- ^ "physicist". Merriam-Webster Dictionary. "a scientist who studies or is a specialist in physics"
- ^ "Industrial Physicists: Primarily specializing in Physics" (PDF). American Institute for Physics. October 2016.
- ^ "Industrial Physicists: Primarily specializing in Engineering" (PDF). American Institute for Physics. October 2016.
- ^ "Industrial Physicists: Primarily specializing outside of STEM sectors" (PDF). American Institute for Physics. October 2016.
- ^ Cahan, David, ed. (2003). From Natural Philosophy to the Sciences: Writing the History of Nineteenth-Century Science. Chicago: University of Chicago Press. ISBN 0-226-08928-2.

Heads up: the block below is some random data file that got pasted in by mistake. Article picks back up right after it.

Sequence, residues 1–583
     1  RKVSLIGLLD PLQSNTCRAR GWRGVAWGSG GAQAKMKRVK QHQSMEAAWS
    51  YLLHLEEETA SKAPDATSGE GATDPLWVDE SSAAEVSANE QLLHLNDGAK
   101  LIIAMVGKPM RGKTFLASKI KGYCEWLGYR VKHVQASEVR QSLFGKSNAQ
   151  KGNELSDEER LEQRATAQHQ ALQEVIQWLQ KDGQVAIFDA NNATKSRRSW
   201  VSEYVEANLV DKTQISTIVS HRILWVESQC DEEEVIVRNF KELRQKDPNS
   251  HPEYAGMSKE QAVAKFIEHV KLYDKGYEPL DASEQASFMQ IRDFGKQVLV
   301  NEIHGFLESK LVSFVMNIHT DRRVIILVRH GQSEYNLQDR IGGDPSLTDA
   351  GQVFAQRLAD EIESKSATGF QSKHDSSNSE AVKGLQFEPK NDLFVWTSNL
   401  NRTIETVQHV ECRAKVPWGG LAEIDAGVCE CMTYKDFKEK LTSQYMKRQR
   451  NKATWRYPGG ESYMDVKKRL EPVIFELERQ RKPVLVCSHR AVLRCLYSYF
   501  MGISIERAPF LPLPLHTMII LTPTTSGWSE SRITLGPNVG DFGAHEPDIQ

- ^ Donald S. L. Cardwell, James Joule: A Biography, Manchester University Press - 1989, page 18
- ^ Wachter, Armin; Hoeber, Henning (2006). Compendium of Theoretical Physics. New York, NY: Springer. ISBN 0-387-25799-3.
- ^ Krey, Uwe; Owen, Anthony (2007). Basic Theoretical Physics : A concise overview (1st ed.). Berlin: Springer. ISBN 978-3-540-36804-5.
- ^ Kompaneyets, Alexander Solomonovich (2012). Theoretical physics (2nd ed.). Mineola, New York: Dover. ISBN 978-0-486-60972-0.
- ^ "Physicist". nationalcareersservice.direct.gov.uk. National Careers Service, United Kingdom. 7 October 2016.
- ^ AIP Statistical Research Center. "Industrially Employed Physicists: Primarily in Non-STEM Fields" (PDF). Retrieved August 21, 2006.
- ^ "Physicists and the Financial Markets". Financial Times. 18 October 2013. Archived from the original on 2022-12-10.
- ^ American Institute for Physics (AIP) Statistical Research Center Report Physics Doctorates Initial Employment published March 2016.